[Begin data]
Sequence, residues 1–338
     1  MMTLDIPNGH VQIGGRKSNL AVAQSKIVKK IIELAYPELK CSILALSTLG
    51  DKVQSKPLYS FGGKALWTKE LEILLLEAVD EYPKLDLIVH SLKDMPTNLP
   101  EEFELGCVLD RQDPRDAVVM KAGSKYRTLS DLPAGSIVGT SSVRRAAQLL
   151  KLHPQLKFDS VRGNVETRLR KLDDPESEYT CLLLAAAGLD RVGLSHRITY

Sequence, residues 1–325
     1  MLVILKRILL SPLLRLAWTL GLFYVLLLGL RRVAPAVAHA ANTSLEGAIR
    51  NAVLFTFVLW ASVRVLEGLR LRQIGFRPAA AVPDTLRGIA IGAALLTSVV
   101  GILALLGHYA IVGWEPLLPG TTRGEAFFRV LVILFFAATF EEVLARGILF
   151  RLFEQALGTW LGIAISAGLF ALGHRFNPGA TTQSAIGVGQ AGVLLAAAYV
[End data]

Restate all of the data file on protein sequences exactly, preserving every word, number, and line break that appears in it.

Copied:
Sequence, residues 1–338
     1  MMTLDIPNGH VQIGGRKSNL AVAQSKIVKK IIELAYPELK CSILALSTLG
    51  DKVQSKPLYS FGGKALWTKE LEILLLEAVD EYPKLDLIVH SLKDMPTNLP
   101  EEFELGCVLD RQDPRDAVVM KAGSKYRTLS DLPAGSIVGT SSVRRAAQLL
   151  KLHPQLKFDS VRGNVETRLR KLDDPESEYT CLLLAAAGLD RVGLSHRITY

Sequence, residues 1–325
     1  MLVILKRILL SPLLRLAWTL GLFYVLLLGL RRVAPAVAHA ANTSLEGAIR
    51  NAVLFTFVLW ASVRVLEGLR LRQIGFRPAA AVPDTLRGIA IGAALLTSVV
   101  GILALLGHYA IVGWEPLLPG TTRGEAFFRV LVILFFAATF EEVLARGILF
   151  RLFEQALGTW LGIAISAGLF ALGHRFNPGA TTQSAIGVGQ AGVLLAAAYV